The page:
So I’m less than a month away from starting law school. In the tradition of other law school bloggers, I’m gonna withhold (for right now) where I’m attending in the fall for the sake of related Google searches. If you’re really curious, any of the clues I give away in the Top Five will easily lead you to the answer. Rest assured, I’ll reveal this information soon, and anyone who knows me even remotely knows where I’m going. Anyway, I’m obviously excited to start this new chapter in my life, so I’ve been spending a fair amount of time recently perusing the site of my law school for various fun tidbits – course offerings, clinics, student organizations, etc. These factors were huge in deciding where I would ultimately attend school (location and $$$ were obviously up there, too), so it was a nice reminder to return to these traits that led me to choose my school a couple months back.
For fun, I also decided to look at the sites of some of the other schools I considered, but ultimately turned down, and compare their student programs/curricula. Some of the juxtapositions were too good, and needless to say, I’m super pleased with my decision.
Top Five Reasons My School is Better (at least for me):
5) Five of the professors featured on one of my favorite blogs, Feminist Law Professors, teach at my school. This is cool not only because of celeb status, but also because these profs offer some awesome classes and bring an ever-needed feminist perspective to the law. I’m happy that my views will not just be tolerated at my school, but hopefully welcomed with such a feminist-heavy faculty.
4) I have some great clinical opportunities in front of me. From immigration to domestic violence to older prisoners to vaccine injury to public justice, I’m confident that a lot of my interests in legal practice will be nurtured and guided by these clinical offerings.
3) My school has a large criminal justice reform project which aims to encourage re-entry programs rather than incarceration. With the US per-capita incarceration rate rivaling China (not to mention the mass incarceration of black men), this is a problem that needs to be addressed from both inside and outside of the legal fields.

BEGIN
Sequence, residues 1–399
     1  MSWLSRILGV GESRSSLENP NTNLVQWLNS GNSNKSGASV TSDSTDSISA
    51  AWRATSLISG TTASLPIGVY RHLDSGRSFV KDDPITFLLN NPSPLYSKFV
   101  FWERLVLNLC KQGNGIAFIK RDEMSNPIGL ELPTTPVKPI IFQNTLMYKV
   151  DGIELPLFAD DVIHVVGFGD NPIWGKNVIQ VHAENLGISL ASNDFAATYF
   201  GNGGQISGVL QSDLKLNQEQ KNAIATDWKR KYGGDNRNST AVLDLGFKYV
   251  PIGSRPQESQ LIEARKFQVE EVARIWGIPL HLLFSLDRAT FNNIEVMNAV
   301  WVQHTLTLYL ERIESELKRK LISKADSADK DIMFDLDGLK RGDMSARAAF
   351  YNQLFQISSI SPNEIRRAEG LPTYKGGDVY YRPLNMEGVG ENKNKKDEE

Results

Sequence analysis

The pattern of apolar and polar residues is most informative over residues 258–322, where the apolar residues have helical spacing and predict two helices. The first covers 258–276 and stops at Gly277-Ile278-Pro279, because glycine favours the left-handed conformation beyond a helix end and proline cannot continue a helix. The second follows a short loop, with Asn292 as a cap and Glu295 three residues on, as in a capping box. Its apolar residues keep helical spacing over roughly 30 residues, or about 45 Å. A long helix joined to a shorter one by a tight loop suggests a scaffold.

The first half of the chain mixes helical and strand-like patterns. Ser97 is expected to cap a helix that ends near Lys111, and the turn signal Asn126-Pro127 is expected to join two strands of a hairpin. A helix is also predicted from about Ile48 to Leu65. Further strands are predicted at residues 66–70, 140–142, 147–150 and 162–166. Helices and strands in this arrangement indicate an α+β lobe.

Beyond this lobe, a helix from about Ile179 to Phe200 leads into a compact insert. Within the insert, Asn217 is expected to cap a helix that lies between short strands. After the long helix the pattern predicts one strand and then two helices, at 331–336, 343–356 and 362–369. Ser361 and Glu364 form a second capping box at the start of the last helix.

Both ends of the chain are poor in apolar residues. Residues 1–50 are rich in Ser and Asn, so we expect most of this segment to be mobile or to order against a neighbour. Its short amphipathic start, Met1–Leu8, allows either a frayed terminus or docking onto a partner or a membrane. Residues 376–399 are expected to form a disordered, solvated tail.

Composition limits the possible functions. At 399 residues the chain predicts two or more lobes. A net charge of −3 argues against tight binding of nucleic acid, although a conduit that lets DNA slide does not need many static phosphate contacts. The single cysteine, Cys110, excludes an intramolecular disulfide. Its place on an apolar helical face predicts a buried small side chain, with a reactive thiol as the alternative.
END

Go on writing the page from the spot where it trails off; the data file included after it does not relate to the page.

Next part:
2) Most large law schools have pretty diverse course offerings, especially when you reach the upper-level elective courses. Indeed, course offerings at one of the other contenders on my list were certainly enticing (so many Critical Legal Studies courses!) Nonetheless, my school’s size allows for a great diversity of courses. Hopefully I’ll be able to take some of these:
Feminist Legal Theory, Law and Literature (I’m looking at you, Dostoevsky/Kafka/Morrison, and others), Law and Psychiatry (Kevorkian!), Comparative Constitutional Law (mm, Scandinavia), Space Law and/or Law of the Sea, Seminar in Government Procurement of Intellectual Property, Law in Cyberspace (I’m really starting to get into the whole Intellectual Property field…), Employment Discrimination Law, Sexuality and the Law, Gender Discrimination and the Law, The Law of Democracy, White Collar Crime, Consumer Protection Law, Campaign Finance Law, etc.
1) My school has an active Anarchist Collective. A neighboring school has University-sponsored clubs for enthusiasts of beer, bridge, chess, board games, wine, Gilbert & Sullivan (actually…?), and militia-building, but the only club which doesn’t receive funding from the University or the Student Bar Association is the club advocating reproductive justice. Law school fail. Meanwhile, my school fully funds the AC (mentioned above), a Feminist Forum, (a separate!) Law Association for Women, (and yet another “lady org”!!) Law Students for Reproductive Justice, Students for Drug Law Reform, The Innocence Project, and the Equal Justice Foundation, among many others.
But yea, we’ve got an Anarchist Collective. At the very least, this will provide me an insta-group of like-minded peers. I’m 100% ready to bridge the gap between my activism in college and my legal studies – can’t wait to forge ahead with that combination of skills.